The Getty Museum's Lessons Learned From Opening Up Content
from the stuff-to-think-about dept
Why open content? Why now? The Getty was founded on the conviction that understanding art makes the world a better place, and sharing our digital resources is the natural extension of that belief. This move is also an educational imperative. Artists, students, teachers, writers, and countless others rely on artwork images to learn, tell stories, exchange ideas, and feed their own creativity. In its discussion of open content, the most recent Horizon Report, Museum Edition stated that "it is now the mark -- and social responsibility -- of world-class institutions to develop and share free cultural and educational resources."This is why we were similarly excited about the NY Public Library embracing the public domain, while disappointed in institutions like the UK's National Portrait Gallery try to lock up content behind questionable copyright claims. Making art and culture more widely available is an important moral imperative.
So it's interesting to see an update from The Getty about how its efforts to embrace openness are going. So far, so good, but they've discovered that actually implementing openness runs into some challenges that are interesting to discuss. But, first the good news:
since 2013 the Getty has released over 100,000 more images through the Open Content Program, and we are increasingly using open licenses for Getty-developed content including selected digital publications, Research Institute archival finding aids, Getty Museum online collection data, Getty Conservation Institute teaching and learning resources, and even the very blog you are reading right now. Throughout, our priority in developing openly licensed resources has been to make the Getty’s work as widely available and usable as possible, while retaining the right to attribution.The article includes two specific case studies which highlight how tricky this can be and the case of freeing up access to Pietro Mellini's Inventory in Verse, from 1681 is an interesting example. At first glance, it seems like it should be easy. It's from 1681. The work is in the public domain. They also note that the original is in their collection so they don't need anyone else's permission in terms of digitizing it (and they agree that the digitization is in the public domain as well). The essays and translations that go with it were all done by Getty or Getty contractors so it holds whatever copyright there might be. And yet... there were still issues, in that some of the related images were from third party sources, and that created some concerns:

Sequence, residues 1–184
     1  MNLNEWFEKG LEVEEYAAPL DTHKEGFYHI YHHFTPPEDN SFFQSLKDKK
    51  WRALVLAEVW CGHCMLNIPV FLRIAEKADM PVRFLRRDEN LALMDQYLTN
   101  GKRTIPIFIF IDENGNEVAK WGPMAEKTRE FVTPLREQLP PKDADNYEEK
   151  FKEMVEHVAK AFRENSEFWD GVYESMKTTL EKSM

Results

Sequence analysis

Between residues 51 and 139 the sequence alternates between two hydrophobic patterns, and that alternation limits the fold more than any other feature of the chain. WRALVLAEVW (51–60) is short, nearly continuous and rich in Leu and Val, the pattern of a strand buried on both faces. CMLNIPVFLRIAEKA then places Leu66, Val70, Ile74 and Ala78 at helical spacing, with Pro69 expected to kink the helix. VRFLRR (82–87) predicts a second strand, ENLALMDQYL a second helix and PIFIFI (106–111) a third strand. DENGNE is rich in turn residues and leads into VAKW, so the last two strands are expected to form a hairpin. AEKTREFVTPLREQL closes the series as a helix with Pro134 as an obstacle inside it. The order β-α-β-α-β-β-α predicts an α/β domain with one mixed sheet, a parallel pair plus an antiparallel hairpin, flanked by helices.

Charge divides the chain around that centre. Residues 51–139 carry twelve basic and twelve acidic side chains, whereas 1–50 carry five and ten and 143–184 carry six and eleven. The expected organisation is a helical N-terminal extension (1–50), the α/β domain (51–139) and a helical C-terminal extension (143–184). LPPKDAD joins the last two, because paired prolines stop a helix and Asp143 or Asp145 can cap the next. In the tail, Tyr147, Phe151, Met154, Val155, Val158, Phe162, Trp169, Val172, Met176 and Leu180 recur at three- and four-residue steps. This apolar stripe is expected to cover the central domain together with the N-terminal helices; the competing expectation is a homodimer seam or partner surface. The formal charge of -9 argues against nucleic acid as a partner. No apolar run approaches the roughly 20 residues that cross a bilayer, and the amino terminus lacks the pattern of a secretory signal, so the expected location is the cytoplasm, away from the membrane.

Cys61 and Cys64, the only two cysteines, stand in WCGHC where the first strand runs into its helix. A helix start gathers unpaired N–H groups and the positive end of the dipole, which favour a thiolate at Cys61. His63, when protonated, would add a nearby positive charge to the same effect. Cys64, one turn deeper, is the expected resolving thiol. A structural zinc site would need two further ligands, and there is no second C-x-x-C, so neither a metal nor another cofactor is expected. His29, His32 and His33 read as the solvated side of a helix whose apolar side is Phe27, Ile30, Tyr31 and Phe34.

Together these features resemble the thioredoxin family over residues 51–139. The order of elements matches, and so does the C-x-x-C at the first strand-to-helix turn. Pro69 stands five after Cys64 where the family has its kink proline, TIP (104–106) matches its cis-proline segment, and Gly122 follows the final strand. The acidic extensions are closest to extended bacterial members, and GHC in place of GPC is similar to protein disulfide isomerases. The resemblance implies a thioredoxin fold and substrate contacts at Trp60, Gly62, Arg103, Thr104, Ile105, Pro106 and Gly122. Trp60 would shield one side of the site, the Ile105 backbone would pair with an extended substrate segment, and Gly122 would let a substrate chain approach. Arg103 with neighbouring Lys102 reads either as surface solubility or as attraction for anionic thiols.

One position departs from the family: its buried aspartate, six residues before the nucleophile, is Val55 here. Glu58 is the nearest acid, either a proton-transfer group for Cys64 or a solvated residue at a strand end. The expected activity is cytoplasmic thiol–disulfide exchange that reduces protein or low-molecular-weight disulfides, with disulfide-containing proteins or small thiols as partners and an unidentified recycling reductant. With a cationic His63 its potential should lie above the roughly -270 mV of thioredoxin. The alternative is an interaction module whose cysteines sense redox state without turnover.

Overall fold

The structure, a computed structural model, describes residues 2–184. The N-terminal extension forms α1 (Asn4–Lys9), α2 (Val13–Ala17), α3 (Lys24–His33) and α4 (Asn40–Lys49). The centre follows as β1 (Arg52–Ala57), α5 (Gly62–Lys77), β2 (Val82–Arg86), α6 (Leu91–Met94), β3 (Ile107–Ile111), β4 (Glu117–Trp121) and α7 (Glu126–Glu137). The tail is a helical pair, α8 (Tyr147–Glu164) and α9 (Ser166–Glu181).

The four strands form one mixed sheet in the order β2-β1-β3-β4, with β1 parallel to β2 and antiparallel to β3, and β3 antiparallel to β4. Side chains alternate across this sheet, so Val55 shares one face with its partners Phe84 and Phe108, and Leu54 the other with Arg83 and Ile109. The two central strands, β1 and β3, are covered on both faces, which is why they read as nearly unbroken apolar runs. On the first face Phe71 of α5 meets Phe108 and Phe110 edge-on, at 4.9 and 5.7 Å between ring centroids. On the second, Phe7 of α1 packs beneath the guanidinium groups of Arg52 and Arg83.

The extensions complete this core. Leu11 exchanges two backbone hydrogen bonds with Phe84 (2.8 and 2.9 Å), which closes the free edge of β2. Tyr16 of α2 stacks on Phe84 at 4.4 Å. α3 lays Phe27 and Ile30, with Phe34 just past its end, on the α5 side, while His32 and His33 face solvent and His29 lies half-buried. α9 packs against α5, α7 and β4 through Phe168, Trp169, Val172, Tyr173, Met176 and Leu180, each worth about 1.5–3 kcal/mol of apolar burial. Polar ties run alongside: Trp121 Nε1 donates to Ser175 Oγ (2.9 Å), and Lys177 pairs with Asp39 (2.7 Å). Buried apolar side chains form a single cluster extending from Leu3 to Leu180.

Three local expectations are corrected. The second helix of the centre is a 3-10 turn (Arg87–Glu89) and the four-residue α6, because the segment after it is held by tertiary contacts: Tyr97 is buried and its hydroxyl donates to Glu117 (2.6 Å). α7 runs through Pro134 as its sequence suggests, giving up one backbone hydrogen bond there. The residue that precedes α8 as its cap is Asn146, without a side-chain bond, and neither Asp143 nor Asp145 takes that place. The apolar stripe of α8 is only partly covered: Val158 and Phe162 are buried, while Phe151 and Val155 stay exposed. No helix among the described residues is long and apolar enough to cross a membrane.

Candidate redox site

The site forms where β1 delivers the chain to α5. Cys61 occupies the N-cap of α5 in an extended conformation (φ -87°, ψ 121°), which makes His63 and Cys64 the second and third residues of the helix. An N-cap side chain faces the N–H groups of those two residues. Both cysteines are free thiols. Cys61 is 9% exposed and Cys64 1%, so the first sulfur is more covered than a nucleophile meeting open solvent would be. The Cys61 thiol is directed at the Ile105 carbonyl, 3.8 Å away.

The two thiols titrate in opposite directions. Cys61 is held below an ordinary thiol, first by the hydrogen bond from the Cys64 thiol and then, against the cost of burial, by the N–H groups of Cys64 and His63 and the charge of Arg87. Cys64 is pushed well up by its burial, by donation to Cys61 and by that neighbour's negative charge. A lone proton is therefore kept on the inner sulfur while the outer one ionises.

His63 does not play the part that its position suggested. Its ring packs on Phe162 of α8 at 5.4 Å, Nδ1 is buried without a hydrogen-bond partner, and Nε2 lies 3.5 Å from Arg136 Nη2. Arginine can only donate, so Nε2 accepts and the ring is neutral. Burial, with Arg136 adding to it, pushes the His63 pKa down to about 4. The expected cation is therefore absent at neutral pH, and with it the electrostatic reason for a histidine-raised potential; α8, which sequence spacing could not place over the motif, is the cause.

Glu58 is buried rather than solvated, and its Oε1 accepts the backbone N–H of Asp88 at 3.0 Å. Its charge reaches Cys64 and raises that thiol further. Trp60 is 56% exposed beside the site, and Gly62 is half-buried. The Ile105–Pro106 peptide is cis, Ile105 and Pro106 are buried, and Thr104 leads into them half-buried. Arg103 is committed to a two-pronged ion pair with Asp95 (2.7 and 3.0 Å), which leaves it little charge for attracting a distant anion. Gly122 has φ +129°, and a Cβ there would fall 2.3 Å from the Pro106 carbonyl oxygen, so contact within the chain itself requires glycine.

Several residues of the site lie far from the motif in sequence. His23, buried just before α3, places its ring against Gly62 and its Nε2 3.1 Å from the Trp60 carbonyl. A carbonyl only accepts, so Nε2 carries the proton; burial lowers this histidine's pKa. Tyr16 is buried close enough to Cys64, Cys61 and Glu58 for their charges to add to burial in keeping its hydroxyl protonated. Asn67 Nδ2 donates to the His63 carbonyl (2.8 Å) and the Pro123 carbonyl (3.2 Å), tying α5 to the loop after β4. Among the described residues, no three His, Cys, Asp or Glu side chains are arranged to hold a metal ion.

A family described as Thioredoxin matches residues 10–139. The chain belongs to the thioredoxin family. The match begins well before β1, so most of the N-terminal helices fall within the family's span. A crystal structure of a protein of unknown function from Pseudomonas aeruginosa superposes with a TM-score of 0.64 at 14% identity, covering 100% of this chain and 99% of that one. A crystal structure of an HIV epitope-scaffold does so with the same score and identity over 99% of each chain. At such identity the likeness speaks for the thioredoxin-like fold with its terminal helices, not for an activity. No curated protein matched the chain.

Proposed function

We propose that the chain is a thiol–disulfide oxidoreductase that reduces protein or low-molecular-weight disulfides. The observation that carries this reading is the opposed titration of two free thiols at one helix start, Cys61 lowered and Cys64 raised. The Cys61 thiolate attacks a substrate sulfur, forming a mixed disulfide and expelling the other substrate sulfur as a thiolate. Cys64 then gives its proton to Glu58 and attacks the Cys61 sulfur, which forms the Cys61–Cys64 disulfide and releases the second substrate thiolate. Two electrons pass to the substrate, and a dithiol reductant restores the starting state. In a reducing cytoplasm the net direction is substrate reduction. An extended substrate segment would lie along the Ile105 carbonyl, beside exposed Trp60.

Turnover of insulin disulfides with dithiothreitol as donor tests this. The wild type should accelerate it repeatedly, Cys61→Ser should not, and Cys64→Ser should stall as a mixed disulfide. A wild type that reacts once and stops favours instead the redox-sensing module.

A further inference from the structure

The only sticking points were the handful of images from third-party sources, for which permission had been sought and granted before the decision was made to make Mellini open access. In other words, the original permissions requests were simply for a digital publication, without any mention of CC-BY licensing, and thus contractual considerations prevented us from openly licensing the material.So even in trying to provide wider access to a public domain work, there were issues around related information that had been licensed under different terms.
As the Getty notes, this is why it's kind of important for more museums (and others) to embrace a kind of "open first" principle -- so that they're taking care of these issues from the start, rather than having to back into them later.
it’s much easier to build an openly licensed project from the ground up than it is to make a project open after the fact. When open access is a project goal from the outset, it helps guide decision-making, especially with respect to contracts with collaborators and consultants, and the sourcing of images and code.There's some other good stuff in there as well, including the fun of trying to open source software that involves modules from different sources with different kinds of open source licenses, but it's good to see this kind of knowledge sharing even on how to be better about knowledge (and culture) sharing...